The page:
My younger brother never visited me in New Mexico, but he had a loyal following of middle school boys on the Navajo Nation. I may have been the one crafting creative lesson plans and cutting out manipulatives late into the night, and I may have been the one who helped them grow by two reading levels, but “Daniel” was the one who they looked up to.
Daniel just so happens to be a martial arts superstar, but that was only part of the reason why my boys asked me each week about my then-20-year-old brother. He was who they could relate to. In a teacher’s desperate attempt to gain control when working with one of my most challenging students in second-year of teaching, I shared my brother’s story. Daniel was never a fan of school and struggled miserably at it for most/all of his life. He failed/nearly failed a few (a lot) of classes in middle school. He didn’t have a lot of friends and always got in trouble at home. And he was always compared to his goody-two-shoes big sister. Always.
But in 10th grade, as he was failing class after class, Daniel discovered an interest in martial arts and pursued it. He realized that when he worked hard at something, he did well. He earned praise. He worked harder. And over a few months, he started transferring that mindset over to his school work. By the end of the year, he had worked so hard and took advantage of all the interventions offered to him by the school, he dramatically raised his grades. He graduated high school (it was still a rocky road) and went on to a community college. Then he transferred to a four-year university.
As my student, “Corey” listened, he grew more interested in my brother and peppered me with questions about what Daniel went through. At the end, Corey felt better and got back to work.
I, however, wasn’t feeling much better. It hit me in the gut, as it has so many times throughout my work in education, that Daniel’s story is what often happens to those of privilege and those with resources. Corey’s story does not start with privilege and resource.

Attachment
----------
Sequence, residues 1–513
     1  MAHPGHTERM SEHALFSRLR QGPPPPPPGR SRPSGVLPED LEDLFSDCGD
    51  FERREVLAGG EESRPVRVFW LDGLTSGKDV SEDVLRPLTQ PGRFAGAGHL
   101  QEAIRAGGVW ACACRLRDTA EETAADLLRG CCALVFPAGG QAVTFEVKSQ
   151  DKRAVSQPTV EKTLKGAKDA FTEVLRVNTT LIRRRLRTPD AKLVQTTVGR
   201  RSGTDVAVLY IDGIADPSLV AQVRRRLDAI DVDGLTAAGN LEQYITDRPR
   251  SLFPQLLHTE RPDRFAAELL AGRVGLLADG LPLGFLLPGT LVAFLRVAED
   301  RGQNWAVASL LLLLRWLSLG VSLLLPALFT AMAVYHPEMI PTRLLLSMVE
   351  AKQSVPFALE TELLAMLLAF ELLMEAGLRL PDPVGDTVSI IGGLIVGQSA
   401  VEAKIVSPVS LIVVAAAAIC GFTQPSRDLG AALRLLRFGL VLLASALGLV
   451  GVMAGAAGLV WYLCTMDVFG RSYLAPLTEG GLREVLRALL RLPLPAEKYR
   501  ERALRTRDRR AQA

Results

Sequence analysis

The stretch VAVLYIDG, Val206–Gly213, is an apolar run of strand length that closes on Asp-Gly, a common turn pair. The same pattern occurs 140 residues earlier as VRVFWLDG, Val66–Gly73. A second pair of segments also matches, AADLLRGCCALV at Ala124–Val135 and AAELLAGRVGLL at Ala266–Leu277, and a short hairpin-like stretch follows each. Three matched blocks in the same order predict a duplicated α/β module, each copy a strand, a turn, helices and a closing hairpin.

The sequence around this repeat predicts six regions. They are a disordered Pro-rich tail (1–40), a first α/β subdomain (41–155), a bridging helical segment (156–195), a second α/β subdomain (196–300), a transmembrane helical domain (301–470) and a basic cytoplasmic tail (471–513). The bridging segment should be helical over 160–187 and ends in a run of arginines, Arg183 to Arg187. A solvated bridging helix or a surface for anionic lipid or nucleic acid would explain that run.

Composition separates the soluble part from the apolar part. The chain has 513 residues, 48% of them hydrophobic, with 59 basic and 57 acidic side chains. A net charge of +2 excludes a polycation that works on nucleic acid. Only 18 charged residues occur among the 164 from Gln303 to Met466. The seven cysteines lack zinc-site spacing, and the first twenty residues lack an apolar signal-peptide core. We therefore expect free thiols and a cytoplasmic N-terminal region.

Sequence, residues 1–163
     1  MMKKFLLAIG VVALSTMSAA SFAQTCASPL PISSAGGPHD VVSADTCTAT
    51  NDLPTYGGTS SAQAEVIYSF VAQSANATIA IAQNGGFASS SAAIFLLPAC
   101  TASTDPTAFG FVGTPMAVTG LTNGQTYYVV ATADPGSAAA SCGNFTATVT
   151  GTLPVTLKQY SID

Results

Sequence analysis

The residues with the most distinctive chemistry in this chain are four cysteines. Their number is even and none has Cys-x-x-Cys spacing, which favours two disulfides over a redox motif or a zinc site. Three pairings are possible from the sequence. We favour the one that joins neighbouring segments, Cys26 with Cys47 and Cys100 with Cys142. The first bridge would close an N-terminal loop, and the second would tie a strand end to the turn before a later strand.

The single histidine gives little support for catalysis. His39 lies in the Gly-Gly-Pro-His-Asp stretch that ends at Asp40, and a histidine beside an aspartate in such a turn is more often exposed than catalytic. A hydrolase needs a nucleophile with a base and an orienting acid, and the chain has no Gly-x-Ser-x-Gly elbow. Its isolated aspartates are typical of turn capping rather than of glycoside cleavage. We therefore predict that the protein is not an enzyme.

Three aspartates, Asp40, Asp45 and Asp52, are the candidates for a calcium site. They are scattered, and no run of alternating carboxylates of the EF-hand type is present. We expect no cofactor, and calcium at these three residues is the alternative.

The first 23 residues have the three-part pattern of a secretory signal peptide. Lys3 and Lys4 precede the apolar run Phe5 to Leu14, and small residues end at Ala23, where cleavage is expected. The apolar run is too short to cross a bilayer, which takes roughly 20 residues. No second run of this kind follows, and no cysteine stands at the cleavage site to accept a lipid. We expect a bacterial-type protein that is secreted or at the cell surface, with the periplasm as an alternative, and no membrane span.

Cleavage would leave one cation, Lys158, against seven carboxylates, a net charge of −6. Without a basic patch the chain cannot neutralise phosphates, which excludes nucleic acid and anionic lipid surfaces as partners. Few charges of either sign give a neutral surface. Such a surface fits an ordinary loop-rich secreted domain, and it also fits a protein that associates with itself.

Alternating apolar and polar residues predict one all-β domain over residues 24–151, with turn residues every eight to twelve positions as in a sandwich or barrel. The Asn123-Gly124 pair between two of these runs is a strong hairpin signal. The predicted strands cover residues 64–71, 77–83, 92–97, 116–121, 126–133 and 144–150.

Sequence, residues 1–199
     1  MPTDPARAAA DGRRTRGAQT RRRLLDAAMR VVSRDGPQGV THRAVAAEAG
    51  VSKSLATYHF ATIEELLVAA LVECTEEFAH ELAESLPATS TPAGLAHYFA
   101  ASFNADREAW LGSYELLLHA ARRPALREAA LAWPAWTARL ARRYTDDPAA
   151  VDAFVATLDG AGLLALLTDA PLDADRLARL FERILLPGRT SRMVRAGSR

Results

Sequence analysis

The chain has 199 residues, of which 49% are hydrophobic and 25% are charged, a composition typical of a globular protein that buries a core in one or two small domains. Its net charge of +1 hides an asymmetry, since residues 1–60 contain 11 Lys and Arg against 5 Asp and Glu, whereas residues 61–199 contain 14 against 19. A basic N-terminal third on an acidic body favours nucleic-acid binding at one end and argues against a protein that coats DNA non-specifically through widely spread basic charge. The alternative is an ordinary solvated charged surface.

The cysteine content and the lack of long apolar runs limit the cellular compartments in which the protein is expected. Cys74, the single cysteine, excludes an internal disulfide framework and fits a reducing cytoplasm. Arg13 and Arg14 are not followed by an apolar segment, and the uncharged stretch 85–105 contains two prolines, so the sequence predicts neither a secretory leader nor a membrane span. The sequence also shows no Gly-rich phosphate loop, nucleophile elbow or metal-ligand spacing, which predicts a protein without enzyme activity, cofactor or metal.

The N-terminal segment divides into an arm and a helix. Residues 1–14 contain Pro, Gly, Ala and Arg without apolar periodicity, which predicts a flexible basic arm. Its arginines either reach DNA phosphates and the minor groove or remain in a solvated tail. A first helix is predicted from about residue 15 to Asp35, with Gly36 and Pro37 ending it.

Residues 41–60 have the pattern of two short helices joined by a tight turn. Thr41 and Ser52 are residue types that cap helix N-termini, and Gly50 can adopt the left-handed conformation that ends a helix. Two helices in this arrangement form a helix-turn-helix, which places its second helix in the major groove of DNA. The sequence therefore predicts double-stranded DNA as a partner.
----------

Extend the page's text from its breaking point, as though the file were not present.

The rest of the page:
There were intervention programs at school, teachers who taught well, and counselors with small-enough caseloads to create homework lunches. My parents took time from work to volunteer at school, read with him every night, paid thousands of dollars for academic enrichment programs, and dragged him through homework night after night.
Corey had a family who loved him, but who wasn’t always there, and he had whatever was offered at school, which oftentimes was not much. Pair that with a disability, and you have a 6th grader reading at the 2nd grade level and doing math at the kindergarten level. Daniel may have struggled to read, but it was never a question whether he’d pass the 5th grade text.
Whenever I explain what we do as special educators in Teach For America, I explain that we are working to close the gap within the achievement gap. It is sobering to know that if my brother attended my school in New Mexico, he would have been in special education by the time he got to my 6th grade class and would probably not be where he is right now-- studying for an upcoming accounting exam, hanging out with friends at the university and planning to teach English this summer in Taiwan.
Similarly sobering is knowing deep down that if the 40-some students I taught over two years-- the same kids who learned so ridiculously much in our short time together-- had attended the same high-performing public schools Daniel and I went to, the vast majority of them would not require special education services. Virtually no one would be labeled SPED for life. No one would have to discretely duck into resource classrooms. They would all be reading near grade level.
The good news in all this? We can fix schools. And by fixing schools, we can give Corey pretty much the same opportunities Daniel had.
The opinions expressed in New Terrain are strictly those of the author(s) and do not reflect the opinions or endorsement of Editorial Projects in Education, or any of its publications.